Now, from a bonafide ’70s success to one that appears to capture the look and feel of what is rapidly becoming one of my favorite film decades. I’m posting a trailer for a movie that I’ve just recently heard about, The House of the Devil. Set in the ’80s, the film apparently uses film techniques and technology from the late ’70s/early ’80s, and is played as straight-up horror. It’s out on DVD this week, and I can’t wait to see it. Here’s a taste:

‘The Wolfman’ cometh

February 2, 2010

I’ve been wanting to write a post for several days now, but things have been busy. I’ve been wanting to let you know about the new short story I’m writing, and about the new reviews (Australian Dark Fantasy & Horror Vol. 3, Under the Dome) that’ll be popping up over the next couple of weeks, about the interviews I’ve been running over on my blog, but there’s just been no time. I’ll get to all that, but not today.

Today, inspired by the interview I’m working on with Jonathan Maberry, who has written the novelization of the upcoming remake of The Wolfman, I thought I’d share the movie’s trailer with you. So here it is:

The Wolfman somehow became the battleground over the last year or so for the practical effects vs. CGI argument that’s been raging ever since Terminator 2: Judgement Day. I’m typically a pro-practical guy, but I’m not against the careful use of computer graphics to augment the final effect. But all of that is beside the point – what I want from The Wolfman is a taste of good old-fashioned Hammer-style horror, with a dash of the contemporary thrown in. I plan on seeing this one as soon as I can, and I’ll let you know if it fills my particular bill.

“…and today is his birthday….”

December 6, 2008

The new trailer for next year’s Friday the 13th remake is out.

I love the return of the “death count.”

Halloween (2007)

October 28, 2008

This is one of those remakes that, when it was announced, everyone groaned. “Halloween doesn’t need to be remade,” they said. And they were right. The original Halloween is as classic as a slasher film can be. The haunting score, the cat-and-mouse game in which John Carpenter wisely keeps his killer in the shadows, both literally and, when it comes to motivation, figuratively. We don’t know until the sequel that Laurie Strode (Jamie Lee Curtis) is Michael Myers’ sister. All we know is that an insane killer is loose on the streets, stalking an innocent young girl.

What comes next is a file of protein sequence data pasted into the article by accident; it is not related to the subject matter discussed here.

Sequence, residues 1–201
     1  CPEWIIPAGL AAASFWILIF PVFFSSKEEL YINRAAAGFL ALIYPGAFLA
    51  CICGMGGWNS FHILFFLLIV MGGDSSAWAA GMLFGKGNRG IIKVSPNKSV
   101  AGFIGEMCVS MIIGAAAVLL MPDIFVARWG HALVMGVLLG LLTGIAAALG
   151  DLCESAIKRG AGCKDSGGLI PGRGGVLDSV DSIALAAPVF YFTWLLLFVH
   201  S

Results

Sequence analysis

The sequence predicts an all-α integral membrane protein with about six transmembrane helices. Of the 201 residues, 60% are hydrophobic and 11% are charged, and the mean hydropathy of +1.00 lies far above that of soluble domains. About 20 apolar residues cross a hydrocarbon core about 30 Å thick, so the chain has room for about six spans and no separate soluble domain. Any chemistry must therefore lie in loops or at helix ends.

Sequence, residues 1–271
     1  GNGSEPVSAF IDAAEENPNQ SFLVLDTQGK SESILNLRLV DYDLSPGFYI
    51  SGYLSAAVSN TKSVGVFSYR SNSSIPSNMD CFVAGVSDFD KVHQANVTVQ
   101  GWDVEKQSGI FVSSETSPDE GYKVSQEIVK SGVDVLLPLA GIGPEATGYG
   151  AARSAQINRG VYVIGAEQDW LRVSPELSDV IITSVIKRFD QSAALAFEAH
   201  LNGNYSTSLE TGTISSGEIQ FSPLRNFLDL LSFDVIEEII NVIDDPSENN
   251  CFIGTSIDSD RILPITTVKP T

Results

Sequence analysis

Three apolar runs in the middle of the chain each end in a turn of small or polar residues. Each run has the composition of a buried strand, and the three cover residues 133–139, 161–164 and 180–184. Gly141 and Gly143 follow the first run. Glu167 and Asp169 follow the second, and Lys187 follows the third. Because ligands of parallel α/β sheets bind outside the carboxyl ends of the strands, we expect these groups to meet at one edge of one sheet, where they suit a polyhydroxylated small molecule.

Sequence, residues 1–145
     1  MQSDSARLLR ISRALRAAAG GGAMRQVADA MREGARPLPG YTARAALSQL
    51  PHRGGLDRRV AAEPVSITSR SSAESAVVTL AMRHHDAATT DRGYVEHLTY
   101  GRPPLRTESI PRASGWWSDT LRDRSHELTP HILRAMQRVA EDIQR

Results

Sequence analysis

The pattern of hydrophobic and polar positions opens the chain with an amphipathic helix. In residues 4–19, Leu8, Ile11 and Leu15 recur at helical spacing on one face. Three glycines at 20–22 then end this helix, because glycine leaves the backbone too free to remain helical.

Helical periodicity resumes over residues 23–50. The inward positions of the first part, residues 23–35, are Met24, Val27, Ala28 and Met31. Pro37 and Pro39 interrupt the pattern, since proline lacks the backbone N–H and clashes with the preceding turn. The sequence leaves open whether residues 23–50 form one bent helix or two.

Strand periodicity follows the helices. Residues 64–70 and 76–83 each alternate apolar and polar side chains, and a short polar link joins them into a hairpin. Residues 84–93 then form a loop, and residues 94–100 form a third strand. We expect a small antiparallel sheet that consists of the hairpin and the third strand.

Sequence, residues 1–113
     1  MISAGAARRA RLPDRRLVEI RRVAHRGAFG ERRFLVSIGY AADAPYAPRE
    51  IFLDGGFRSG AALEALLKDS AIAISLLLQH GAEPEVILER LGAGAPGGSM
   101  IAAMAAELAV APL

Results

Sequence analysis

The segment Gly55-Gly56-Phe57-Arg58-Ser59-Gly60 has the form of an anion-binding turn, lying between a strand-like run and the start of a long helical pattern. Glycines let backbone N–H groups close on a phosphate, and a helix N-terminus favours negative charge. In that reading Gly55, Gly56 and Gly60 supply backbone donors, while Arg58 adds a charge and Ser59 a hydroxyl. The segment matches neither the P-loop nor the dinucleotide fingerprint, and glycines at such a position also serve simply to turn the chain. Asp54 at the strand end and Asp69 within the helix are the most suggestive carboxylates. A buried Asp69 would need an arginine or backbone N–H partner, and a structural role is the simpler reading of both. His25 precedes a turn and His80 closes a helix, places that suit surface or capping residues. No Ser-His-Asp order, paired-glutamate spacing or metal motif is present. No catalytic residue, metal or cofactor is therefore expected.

In his revamp, re-imagining, or whatever you want to call it, Rob Zombie brings Michael Myers out of the shadows in the first frame of film. Within minutes we see that the young boy is deeply troubled (he takes to his pet rat with a knife), and we see at least part of the reason why: he’s growing up in a white trash hellhole, a sharp contrast to the quiet suburban upbringing we glimpse in Carpenter’s original. He’s bullied at school, verbally (and maybe physically) abused at home, and the only hint of compassion he shows is toward his mom and baby sister. For them, he desperately wants to be a good, normal little boy.


It’s not to be, however. In one of the biggest miss-steps of the film, it’s suggested that the pain of being ditched on Halloween night by his older sister, who prefers treats with her boyfriend over trick-or-treating with her weird little brother, is what finally sends him over the edge. Michael goes on a brutal rampage, slaughtering his stepfather, sister and the hapless boyfriend while his mom is working a late shift at the neighborhood strip joint. He spares the baby and his mom, but faces a lifetime of institutionalization for his actions.


We get a little more young Michael story, including his final tip into the abyss, before jumping ahead 15 years. Michael’s alone at this point – Dr. Loomis has given up on him, his mom checked out – and he’s grown into the silent, hulking menace who spends his days in his room making masks. It’s not long until he breaks out, and Zombie moves into familiar territory with the actual “remake” portion of this Halloween.


As good at Zombie is at capturing the white trash aesthetic, he still lacks some skill in building suspense. Zombie is at his best when he’s staging all-out assaults, such as the quick scene in which Michael takes out Laurie’s parents (or, as we all now know, her adoptive parents). Unfortunately, that’s not what Halloween is all about. If Zombie had made a movie about an original serial killer, this approach would have been fine. The problem is, we all associate Michael Myers with the deliberate, patient and emotionless approach Carpenter introduced him with. Zombie’s Myers is fast and angry, and while it makes for some jarring scenes, it just isn’t Halloween.


While the characterization of Michael Myers may have been a calculated approach Zombie took in order to put his own stamp on the character, I can’t imagine the same can be said for his version of Laurie Strode. Carpenter and Jamie Lee Curtis gave us a heroine who was strong and courageous; someone who loved her friends even though she was light-years ahead of them in maturity. Zombie’s Strode may be smarter than the average high schooler, but she seems content to hide her intellect and take on the giggling, foul-mouthed personas of her unlikeable friends. To me, this was the biggest disappointment of Zombie’s film – there was no one there to root for.


If you can cut loose the baggage that the name Halloween brings with it, there’s some enjoyment to be found in this “re-imagining.” Zombie makes a good-looking horror movie with a few effective scares scattered throughout. While it will never replace the original, it’s an okay companion piece. And, unlike all the sequels, they at least got the mask right.

Friday the 13th: The Remake

October 24, 2008

The trailer for the shiny new Friday the 13th remake was released today. While I’ve always enjoyed the F13 series, I don’t mind that it’s being remade – there is definitely room for improvement. If nothing else, we know this version – shot by Texas Chainsaw Massacre remake helmer Marcus Nispel – will be nice to look at. It opens up in February ’09 – on Friday the 13th, if I’m not mistaken.